Clippers expected to sign Reggie Jackson after veteran point guard finalizes buyout with Pistons, per report

Remember Reggie Jackson? After signing a huge contract with the Detroit Pistons back in 2015, injuries and the general state of that franchise has turned the veteran point guard into something of an afterthought. But all of that should change now that he’s reportedly on his way to a contender — and one that plays in the Staples Center at that. 

Jackson is expected to sign with the Los Angeles Clippers after he finalized a buyout agreement with the Pistons on Tuesday, according to a report from Adrian Wojnarowski of ESPN. 

Jackson was completing the final season of a five-year, $80 million contract with the Pistons. The Pistons and Jackson’s agent, Aaron Mintz of CAA Sports, completed the buyout terms earlier Tuesday before reaching an agreement with the Clippers on Tuesday afternoon.

Jackson has been a longtime friend with Clippers star Paul George and had long hoped to play with him, sources said.

Even though he’s disappeared from the spotlight in Detroit, and never quite became the player the Pistons were hoping for when they signed him, this is a nice bit of business for the Clippers. The buyout market for guards was dreadful, especially once Darren Collison decided to stay retired. And now, the Clippers not only signed the best one on the market, but kept him away from their main rivals in the West, the Los Angeles Lakers, who were also looking for help in the backcourt.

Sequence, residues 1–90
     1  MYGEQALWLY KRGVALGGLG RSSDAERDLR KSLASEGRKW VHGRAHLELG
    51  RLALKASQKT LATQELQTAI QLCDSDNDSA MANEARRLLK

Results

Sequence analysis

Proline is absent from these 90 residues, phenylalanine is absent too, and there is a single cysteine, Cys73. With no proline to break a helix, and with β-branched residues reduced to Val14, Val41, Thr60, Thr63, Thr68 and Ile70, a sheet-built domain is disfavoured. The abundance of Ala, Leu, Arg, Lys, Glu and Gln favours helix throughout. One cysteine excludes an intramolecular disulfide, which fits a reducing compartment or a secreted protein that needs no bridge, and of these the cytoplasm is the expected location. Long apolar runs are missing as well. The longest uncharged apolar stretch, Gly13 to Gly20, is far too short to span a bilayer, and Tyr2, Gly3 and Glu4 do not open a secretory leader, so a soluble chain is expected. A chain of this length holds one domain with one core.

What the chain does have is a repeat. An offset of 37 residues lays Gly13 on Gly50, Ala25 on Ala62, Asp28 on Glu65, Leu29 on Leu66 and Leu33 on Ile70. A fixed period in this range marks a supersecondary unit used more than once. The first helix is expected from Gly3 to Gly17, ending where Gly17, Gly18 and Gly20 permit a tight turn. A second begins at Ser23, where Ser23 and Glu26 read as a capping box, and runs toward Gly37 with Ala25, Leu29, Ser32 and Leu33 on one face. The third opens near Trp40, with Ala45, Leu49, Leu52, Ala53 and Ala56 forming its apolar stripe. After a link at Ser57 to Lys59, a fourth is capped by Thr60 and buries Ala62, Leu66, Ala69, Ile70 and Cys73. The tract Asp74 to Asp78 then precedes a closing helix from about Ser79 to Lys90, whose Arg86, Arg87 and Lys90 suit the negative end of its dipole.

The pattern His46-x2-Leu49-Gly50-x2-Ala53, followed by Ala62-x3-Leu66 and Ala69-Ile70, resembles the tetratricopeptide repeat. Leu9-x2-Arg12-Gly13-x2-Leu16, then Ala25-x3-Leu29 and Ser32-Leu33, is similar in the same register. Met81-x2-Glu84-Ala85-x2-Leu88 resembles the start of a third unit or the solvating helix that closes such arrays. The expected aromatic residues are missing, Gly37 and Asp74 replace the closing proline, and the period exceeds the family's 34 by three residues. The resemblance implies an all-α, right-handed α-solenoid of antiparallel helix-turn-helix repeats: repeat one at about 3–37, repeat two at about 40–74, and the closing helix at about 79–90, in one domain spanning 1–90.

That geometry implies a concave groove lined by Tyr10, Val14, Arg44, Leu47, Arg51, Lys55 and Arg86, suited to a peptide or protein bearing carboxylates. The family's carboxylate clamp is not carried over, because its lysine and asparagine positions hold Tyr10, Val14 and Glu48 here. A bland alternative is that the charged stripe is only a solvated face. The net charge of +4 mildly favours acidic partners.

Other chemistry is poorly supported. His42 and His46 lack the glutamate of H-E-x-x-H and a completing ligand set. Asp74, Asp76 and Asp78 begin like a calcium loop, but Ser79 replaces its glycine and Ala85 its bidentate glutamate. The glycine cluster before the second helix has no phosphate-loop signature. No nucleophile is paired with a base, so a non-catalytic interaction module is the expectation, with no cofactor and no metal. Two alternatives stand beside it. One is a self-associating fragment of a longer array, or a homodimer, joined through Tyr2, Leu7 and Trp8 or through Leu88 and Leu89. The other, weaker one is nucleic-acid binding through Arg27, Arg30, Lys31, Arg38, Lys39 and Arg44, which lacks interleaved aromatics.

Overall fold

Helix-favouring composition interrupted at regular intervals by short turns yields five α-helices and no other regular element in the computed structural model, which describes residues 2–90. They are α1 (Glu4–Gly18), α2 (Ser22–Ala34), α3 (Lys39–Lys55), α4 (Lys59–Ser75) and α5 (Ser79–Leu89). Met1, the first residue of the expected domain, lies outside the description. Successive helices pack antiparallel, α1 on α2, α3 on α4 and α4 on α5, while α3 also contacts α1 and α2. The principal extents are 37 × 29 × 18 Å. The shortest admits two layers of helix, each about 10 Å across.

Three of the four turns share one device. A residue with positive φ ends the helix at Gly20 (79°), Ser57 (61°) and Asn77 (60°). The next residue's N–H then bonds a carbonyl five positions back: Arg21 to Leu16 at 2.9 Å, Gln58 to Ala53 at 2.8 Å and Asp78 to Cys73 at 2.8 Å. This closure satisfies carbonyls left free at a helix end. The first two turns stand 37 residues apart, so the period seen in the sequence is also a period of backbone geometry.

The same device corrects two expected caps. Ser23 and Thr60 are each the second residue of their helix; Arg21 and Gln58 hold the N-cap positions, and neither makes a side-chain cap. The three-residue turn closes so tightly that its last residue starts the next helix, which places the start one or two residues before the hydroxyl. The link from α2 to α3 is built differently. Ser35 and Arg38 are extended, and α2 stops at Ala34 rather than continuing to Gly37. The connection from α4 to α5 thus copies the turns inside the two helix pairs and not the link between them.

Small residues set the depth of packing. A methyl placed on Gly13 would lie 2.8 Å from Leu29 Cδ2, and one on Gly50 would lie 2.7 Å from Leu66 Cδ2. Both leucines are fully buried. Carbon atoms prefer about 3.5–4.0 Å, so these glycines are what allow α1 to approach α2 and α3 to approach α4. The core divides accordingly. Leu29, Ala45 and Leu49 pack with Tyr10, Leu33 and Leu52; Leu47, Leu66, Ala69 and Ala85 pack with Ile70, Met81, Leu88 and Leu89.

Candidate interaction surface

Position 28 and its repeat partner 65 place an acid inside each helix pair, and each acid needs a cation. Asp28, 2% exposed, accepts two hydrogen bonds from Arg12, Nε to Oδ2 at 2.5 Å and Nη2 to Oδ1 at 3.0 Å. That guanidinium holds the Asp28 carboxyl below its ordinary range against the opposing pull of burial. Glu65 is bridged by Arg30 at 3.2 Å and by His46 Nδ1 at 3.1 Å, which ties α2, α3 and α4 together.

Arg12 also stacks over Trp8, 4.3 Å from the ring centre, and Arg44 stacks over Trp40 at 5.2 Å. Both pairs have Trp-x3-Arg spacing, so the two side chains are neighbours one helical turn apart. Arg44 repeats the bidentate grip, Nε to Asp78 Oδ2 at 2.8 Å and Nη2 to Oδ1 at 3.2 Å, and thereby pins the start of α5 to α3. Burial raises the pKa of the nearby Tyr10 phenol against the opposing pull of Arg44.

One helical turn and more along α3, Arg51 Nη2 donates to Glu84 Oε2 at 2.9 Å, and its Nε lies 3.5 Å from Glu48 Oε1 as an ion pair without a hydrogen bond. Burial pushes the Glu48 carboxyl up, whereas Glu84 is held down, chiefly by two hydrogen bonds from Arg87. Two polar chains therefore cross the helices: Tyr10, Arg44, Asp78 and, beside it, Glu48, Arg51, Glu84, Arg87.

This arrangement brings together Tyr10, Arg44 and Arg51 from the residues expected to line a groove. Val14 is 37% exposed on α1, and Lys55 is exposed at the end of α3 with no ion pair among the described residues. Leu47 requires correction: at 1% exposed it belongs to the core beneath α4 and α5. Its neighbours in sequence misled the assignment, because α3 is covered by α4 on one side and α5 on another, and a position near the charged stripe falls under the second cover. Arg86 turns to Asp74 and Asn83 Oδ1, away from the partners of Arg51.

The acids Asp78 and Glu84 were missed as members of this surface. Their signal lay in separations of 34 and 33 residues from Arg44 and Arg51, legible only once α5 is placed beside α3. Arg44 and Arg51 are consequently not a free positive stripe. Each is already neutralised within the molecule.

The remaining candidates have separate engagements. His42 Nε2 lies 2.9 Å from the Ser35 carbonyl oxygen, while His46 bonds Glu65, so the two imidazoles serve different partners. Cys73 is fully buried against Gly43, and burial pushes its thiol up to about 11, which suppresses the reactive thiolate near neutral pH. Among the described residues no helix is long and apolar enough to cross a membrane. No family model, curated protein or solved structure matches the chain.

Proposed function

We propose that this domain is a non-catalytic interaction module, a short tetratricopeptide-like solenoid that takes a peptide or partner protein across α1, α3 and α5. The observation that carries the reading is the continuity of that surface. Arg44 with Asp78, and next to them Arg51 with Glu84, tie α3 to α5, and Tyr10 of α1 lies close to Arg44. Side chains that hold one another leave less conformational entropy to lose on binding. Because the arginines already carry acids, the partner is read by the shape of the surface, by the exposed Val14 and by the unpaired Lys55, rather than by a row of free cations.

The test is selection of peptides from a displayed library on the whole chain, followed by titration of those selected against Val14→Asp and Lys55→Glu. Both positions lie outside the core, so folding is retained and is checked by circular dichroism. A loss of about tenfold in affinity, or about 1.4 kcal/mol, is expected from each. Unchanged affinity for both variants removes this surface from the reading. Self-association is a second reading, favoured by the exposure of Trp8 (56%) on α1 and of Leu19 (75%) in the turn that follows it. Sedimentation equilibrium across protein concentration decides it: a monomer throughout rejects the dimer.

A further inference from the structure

Interestingly, projections from Sportsline data scientist Stephen Oh suggest that Jackson’s presence will actually have a slight negative impact on the Clippers:

Before Jackson






With Jackson











Even so, this is still a good signing by the Clippers. They weren’t going to get anyone better, and have needed an extra ball-handler and playmaker in the second unit. Jackson can provide that while also spacing the floor — 37.8 percent from 3-point land this season, and 36.9 percent last season — and gives them a solid insurance policy in case of injury. 

There’s also the fact that Jackson now gets to leave a depressing situation in Detroit, where he was playing for a hopeless team in an empty arena, and join his friend on a contender. Aside from just being pretty cool for Jackson, there’s at least a possibility the new environment gives him the motivation and boost to take his play to a higher level. 

In any case, it’s probably fair to assume this doesn’t do much to raise their ceiling; they’re already one of the favorites, after all. But it’s also hard to see how it hurts them. This was their best chance to improve their point guard depth, and if Jackson falls back on his old bad habits, they’re deep enough where they don’t need to play him, especially in the postseason. 

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